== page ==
Gumbhir v. Kansas State Board of Pharmacy, 228 Kan. 579, 582 (1980).
"[A] strict rule is applied when the delegation of authority to some outside, nongovernmental agency is attempted. The legislative power of this state is vested in the legislature and the legislature is prohibited from delegating legislative powers to nongovernmental associations or groups."
Id. at 584-85.
The court found that the statute had the effect of delegating to ACOPE through its accreditation process the standards of education required before registration was permitted. The statute thus gave full control and ultimate authority to a private, nonprofit association regarding a qualification to become a registered pharmacist and was therefore "constitutionally impermissible."
Id. at 587.
With these constitutional holdings in mind, the issue is whether the registration requirement of being a member of a home inspectors professional association, society or organization impermissibly delegates ultimate authority to a nongovernmental entity? Under this provision of the statute, a person cannot become registered unless the person is a member, and membership criteria is entirely within the authority of such association, society or organization. Further, membership criteria may be changed sporadically at will by an association, society or organization, even causing the criteria to be much more rigorous than otherwise required by law; thus a registration applicant could be precluded from becoming a member and consequently from becoming registered. In such event, ultimate authority would rest with a nongovernmental entity rather than with the Board. Even though the statute gives the Board authority to "recognize" an association, society or organization, the Board has no authority over membership criteria. Accordingly, K.S.A. 2008 Supp. 58-4509(c)(5) impermissibly delegates legislative power to nongovernmental associations, societies and organizations in violation of Article 2, § 1 of the Kansas Constitution.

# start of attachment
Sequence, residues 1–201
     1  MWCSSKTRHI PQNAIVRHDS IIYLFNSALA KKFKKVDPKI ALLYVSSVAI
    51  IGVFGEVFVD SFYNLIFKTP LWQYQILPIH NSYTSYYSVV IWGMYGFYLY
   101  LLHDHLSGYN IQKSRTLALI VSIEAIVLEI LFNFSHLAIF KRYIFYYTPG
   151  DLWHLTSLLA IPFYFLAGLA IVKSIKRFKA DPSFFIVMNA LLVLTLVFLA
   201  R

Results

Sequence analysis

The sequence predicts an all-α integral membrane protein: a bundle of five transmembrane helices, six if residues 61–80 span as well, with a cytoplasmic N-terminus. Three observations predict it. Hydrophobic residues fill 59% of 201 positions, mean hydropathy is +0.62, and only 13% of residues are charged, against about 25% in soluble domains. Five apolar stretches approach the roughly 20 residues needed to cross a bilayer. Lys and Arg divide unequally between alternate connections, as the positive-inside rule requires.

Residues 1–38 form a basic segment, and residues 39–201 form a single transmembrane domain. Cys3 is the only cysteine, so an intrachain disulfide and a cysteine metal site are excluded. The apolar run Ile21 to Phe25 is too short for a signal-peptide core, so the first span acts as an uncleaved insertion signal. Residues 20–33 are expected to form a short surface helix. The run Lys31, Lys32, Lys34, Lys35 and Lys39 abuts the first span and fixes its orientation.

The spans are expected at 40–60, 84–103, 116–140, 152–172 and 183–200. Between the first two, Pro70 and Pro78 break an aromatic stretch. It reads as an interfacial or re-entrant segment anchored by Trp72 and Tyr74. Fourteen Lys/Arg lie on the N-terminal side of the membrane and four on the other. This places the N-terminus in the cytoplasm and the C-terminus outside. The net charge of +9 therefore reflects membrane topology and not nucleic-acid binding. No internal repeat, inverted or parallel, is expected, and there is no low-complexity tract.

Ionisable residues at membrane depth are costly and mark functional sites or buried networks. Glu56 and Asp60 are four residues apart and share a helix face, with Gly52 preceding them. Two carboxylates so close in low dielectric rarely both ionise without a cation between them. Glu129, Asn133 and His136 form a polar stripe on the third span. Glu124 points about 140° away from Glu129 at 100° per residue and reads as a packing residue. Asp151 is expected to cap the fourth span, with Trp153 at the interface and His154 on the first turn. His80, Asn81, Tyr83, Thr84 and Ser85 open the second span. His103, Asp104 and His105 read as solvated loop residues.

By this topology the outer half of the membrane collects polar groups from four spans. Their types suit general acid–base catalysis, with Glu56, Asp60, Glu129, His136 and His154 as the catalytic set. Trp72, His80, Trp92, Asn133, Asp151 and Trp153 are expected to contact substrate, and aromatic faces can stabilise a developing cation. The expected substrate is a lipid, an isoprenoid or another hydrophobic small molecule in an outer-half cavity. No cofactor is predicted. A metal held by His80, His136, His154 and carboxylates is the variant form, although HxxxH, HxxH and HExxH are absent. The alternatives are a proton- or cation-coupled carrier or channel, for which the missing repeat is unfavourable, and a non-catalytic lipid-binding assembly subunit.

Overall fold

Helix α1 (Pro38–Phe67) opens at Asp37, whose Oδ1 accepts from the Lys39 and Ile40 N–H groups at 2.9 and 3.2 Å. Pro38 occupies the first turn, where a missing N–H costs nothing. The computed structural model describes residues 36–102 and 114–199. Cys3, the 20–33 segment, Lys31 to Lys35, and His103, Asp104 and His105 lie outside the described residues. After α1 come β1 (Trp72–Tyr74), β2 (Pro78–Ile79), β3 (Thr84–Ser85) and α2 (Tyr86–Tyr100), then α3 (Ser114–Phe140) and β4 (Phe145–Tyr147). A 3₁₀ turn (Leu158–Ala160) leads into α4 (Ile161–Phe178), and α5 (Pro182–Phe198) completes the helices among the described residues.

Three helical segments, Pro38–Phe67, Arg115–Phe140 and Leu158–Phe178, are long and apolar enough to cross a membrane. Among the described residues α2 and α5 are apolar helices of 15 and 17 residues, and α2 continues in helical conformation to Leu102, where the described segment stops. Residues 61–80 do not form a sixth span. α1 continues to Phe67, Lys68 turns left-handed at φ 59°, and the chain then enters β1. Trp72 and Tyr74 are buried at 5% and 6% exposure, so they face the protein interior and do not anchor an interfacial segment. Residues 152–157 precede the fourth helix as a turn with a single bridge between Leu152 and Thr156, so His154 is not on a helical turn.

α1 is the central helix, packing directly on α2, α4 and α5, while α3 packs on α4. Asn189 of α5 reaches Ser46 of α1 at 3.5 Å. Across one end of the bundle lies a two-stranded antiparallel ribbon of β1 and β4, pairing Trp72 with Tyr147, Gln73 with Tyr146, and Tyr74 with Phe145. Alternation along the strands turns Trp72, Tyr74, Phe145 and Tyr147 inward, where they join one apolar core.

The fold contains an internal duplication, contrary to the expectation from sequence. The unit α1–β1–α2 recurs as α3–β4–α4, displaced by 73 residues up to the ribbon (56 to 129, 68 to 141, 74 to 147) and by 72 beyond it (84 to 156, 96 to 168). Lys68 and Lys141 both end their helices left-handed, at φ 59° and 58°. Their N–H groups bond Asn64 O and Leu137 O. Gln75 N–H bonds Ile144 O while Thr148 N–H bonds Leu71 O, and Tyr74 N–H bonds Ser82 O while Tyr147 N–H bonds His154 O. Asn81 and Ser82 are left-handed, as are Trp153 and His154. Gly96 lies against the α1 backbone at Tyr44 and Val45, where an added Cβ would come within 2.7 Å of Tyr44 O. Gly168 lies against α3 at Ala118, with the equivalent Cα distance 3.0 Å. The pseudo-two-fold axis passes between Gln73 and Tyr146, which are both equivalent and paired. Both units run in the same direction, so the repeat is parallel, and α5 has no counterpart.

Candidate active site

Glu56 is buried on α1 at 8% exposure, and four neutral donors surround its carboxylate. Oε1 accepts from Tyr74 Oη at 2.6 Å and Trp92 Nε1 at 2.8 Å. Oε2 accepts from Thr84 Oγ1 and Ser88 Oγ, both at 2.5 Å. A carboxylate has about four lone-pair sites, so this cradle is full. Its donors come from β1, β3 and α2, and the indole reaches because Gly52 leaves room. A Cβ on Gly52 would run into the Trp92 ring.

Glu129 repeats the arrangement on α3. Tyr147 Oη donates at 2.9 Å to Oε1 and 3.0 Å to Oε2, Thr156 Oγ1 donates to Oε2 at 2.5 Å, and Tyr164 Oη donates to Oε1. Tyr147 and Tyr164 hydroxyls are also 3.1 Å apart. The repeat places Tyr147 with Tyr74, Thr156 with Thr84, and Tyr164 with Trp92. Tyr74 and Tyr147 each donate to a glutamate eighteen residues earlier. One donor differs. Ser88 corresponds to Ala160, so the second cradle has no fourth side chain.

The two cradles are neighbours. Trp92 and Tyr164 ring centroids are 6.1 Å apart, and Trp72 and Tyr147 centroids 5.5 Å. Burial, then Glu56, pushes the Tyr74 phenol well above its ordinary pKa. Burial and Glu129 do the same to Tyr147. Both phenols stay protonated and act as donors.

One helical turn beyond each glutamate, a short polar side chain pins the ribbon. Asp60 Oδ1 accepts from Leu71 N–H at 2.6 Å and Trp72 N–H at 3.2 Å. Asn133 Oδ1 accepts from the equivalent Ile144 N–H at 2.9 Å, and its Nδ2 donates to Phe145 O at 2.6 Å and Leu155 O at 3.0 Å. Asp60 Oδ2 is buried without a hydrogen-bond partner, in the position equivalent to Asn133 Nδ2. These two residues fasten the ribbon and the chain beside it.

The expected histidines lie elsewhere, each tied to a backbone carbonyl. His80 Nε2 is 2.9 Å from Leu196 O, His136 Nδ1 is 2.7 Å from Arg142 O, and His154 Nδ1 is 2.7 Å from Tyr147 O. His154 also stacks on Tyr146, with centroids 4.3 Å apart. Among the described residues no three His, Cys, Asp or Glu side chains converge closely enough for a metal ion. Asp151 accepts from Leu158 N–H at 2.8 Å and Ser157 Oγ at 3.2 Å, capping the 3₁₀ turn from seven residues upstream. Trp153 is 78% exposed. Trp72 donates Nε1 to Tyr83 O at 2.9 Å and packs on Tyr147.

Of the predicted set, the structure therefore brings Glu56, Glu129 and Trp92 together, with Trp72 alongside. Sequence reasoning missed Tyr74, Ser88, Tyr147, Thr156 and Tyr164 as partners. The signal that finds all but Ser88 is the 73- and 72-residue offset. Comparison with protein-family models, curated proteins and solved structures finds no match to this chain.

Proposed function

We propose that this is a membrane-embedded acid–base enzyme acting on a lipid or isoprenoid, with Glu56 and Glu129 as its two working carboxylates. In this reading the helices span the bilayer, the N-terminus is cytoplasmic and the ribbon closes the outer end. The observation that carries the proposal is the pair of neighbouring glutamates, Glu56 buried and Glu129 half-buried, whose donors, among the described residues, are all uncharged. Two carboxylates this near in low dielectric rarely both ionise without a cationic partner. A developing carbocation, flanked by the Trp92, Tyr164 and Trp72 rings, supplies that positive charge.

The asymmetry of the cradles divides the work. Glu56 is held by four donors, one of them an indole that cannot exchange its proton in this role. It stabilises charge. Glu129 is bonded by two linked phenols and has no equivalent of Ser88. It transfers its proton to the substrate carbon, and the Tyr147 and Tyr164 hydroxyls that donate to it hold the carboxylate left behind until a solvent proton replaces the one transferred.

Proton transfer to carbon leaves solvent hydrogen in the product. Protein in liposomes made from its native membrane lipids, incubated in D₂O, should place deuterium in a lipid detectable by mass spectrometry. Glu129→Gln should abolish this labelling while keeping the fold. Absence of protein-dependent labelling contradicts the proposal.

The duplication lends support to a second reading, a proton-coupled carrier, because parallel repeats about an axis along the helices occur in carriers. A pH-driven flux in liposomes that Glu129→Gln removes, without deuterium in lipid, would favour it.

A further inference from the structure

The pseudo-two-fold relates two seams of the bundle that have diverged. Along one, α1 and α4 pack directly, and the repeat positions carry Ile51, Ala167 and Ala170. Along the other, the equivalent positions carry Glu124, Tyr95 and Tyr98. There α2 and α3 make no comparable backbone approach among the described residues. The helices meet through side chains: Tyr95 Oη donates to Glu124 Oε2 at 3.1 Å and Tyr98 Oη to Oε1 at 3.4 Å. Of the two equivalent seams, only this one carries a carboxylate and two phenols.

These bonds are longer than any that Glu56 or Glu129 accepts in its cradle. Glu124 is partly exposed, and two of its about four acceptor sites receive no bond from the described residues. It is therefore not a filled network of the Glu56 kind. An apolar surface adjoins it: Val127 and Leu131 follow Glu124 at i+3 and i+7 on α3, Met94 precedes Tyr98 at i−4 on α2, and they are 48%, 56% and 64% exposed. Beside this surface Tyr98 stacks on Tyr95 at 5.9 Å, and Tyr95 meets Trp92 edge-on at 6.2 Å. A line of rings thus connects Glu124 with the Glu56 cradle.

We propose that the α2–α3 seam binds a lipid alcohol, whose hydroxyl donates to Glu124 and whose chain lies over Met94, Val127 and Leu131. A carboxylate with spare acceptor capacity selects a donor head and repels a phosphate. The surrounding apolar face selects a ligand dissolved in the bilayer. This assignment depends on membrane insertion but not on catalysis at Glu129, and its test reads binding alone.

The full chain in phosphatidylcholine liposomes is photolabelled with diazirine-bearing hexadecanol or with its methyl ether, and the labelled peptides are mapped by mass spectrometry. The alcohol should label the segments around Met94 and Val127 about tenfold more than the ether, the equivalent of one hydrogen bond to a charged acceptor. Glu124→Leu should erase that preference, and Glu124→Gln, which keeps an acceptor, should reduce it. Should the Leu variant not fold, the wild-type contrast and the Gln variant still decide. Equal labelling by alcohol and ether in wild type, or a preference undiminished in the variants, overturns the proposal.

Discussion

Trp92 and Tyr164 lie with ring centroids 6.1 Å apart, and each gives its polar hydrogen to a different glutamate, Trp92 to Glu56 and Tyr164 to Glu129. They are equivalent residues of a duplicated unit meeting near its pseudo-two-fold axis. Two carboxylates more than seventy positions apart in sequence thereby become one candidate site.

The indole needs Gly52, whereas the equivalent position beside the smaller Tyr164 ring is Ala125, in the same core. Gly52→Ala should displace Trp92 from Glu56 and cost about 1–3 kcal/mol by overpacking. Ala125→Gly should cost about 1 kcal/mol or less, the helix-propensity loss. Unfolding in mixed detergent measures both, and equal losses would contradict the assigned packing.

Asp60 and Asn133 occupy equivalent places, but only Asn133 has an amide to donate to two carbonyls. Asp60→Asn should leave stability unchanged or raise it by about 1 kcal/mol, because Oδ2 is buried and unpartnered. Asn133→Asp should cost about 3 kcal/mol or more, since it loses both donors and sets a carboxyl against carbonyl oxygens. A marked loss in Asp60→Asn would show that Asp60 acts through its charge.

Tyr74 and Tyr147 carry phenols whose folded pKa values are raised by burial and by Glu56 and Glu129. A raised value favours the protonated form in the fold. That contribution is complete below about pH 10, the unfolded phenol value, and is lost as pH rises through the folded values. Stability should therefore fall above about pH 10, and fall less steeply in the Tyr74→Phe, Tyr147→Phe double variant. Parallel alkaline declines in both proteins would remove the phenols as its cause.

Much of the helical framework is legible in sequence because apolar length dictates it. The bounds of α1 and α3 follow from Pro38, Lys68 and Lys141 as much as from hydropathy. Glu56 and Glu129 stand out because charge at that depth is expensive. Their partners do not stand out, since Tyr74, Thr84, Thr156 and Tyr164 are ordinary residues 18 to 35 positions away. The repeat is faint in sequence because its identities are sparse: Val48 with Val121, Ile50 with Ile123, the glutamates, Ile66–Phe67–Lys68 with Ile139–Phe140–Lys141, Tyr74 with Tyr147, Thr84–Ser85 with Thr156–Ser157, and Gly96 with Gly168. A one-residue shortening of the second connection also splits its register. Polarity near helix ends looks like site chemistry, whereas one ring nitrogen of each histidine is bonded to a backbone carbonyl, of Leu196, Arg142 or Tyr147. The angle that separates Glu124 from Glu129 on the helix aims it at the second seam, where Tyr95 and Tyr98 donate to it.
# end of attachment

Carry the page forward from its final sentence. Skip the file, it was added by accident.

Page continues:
The research and drafting of this opinion took into consideration State Board of Healing Arts v. Beyrle, 269 Kan. 616 (2000), but found it distinguishable from the issue presented herein. In that case, a statute provided that any naturopath who had graduated from a nationally recognized naturopathic college as approved by the state naturopathic association and practicing in the state of Kansas as of January 1, 1982 be permitted to practice in Kansas without approval of the Kansas Board of Healing Arts. The Court found this statute to be a kind of grandfathering clause, as opposed to a prospective licensing requirement. "The legislature did not hand over to a private organization the right to set future standards; it merely determined that a certain class of individuals already meeting particular standards and practicing as of a particular date may continue to practice naturopathy. . . . Those standards were adopted in K.S.A. 65-2872a and are not subject to change by a nongovernmental agency because of the time limitation of the statute." Beyrle at 630-31.
Steve Six Attorney General
Camille Nohe Assistant Attorney General